PORTLAND, Ore. — After nearly 40 years as an internist, Dr. Ron Naito knew what the sky-high results of his blood test meant. And it wasn’t good.
But when he turned to his doctors last summer to confirm the dire diagnosis — stage 4 pancreatic cancer — he learned the news in a way no patient should.
The first physician, a specialist Naito had known for 10 years, refused to acknowledge the results of the “off-the-scale” blood test that showed unmistakable signs of advanced cancer. “He simply didn’t want to tell me,” Naito said.
A second specialist performed a tumor biopsy, and then discussed the results with a medical student outside the open door of the exam room where Naito waited.
“They walk by one time and I can hear [the doctor] say ‘5 centimeters,’” said Naito. “Then they walk the other way and I can hear him say, ‘Very bad.’”
Months later, the shock remained fresh.
“I knew what it was,” Naito said last month, his voice thick with emotion. “Once [tumors grow] beyond 3 centimeters, they’re big. It’s a negative sign.”
The botched delivery of his grim diagnosis left Naito determined to share one final lesson with future physicians: Be careful how you tell patients they’re dying.
Since August, when he calculated he had six months to live, Naito has mentored medical students at Oregon Health & Science University and spoken publicly about the need for doctors to improve the way they break bad news.
“Historically, it’s something we’ve never been taught,” said Naito, thin and bald from the effects of repeated rounds of chemotherapy. “Everyone feels uncomfortable doing it. It’s a very difficult thing.”
Robust research shows that doctors are notoriously bad at delivering life-altering news, said Dr. Anthony Back, an oncologist and palliative care expert at the University of Washington in Seattle, who wasn’t surprised that Naito’s diagnosis was poorly handled.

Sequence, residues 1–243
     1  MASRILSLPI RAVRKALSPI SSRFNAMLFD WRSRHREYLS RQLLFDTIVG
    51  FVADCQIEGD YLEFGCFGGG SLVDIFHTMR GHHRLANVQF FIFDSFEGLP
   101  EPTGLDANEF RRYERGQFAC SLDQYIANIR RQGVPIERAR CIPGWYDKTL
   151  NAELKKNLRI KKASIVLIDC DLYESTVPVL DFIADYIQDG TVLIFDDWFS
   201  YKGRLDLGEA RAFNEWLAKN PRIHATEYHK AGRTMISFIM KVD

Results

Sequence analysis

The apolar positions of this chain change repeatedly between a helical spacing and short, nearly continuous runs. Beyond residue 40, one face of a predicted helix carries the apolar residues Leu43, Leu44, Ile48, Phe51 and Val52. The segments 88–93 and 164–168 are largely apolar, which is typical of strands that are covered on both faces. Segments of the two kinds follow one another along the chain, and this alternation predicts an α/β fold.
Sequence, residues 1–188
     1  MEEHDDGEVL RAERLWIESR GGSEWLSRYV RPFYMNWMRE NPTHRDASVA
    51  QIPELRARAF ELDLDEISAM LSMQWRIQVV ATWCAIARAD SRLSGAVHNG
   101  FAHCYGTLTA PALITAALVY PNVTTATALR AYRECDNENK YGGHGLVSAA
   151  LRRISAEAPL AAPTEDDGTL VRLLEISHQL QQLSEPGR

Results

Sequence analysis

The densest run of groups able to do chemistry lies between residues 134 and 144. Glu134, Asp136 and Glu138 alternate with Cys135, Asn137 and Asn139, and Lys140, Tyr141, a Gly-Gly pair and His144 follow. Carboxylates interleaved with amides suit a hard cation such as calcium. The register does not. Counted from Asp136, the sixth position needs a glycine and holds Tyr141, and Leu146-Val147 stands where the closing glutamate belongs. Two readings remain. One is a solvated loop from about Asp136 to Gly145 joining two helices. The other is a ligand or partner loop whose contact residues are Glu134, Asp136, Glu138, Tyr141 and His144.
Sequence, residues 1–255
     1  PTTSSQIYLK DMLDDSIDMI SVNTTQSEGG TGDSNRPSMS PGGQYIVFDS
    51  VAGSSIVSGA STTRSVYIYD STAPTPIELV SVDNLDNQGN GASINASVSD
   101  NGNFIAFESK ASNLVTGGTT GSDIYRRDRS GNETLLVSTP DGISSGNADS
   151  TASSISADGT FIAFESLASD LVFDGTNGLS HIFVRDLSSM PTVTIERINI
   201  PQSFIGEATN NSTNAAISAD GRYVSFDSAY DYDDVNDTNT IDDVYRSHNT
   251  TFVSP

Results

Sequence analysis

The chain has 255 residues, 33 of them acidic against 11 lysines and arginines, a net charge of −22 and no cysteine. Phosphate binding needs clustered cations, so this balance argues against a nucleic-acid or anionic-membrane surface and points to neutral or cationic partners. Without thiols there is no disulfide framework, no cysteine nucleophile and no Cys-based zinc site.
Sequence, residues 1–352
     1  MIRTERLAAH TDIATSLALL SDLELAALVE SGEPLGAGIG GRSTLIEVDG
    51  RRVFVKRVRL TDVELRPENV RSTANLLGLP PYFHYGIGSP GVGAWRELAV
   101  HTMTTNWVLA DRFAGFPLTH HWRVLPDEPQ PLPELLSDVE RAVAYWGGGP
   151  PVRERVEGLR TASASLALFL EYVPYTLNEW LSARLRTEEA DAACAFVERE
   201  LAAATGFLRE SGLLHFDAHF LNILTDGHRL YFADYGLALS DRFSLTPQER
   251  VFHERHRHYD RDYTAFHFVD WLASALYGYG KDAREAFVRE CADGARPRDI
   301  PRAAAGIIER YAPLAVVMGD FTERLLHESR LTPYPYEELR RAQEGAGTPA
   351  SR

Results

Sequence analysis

“Dr. Naito was given the news in the way that many people receive it,” said Back, who is a co-founder of VitalTalk, one of several organizations that teach doctors to improve their communication skills. “If the system doesn’t work for him, who’s it going to work for?”
Up to three-quarters of all patients with serious illness receive news in what researchers call a “suboptimal way,” Back estimated.
“’Suboptimal’ is the term that is least offensive to practicing doctors,” he added.
The poor delivery of Naito’s diagnosis reflects common practice in a country where Back estimates that more than 200,000 doctors and other providers could benefit from communication training.
Too often, doctors avoid such conversations entirely, or they speak to patients using medical jargon. They frequently fail to notice that patients aren’t following the conversation or that they’re too overwhelmed with emotion to absorb the information, Back noted in a recent article.
“[Doctors] come in and say, ‘It’s cancer,’ they don’t sit down, they tell you from the doorway, and then they turn around and leave,” he said.
That’s because for many doctors, especially those who treat cancer and other challenging diseases, “death is viewed as a failure,” said Dr. Brad Stuart, a palliative care expert and chief medical officer for the Coalition to Transform Advanced Care, or C-TAC. They’ll often continue to prescribe treatment, even if it’s futile, Stuart said. It’s the difference between curing a disease and healing a person physically, emotionally and spiritually, he added.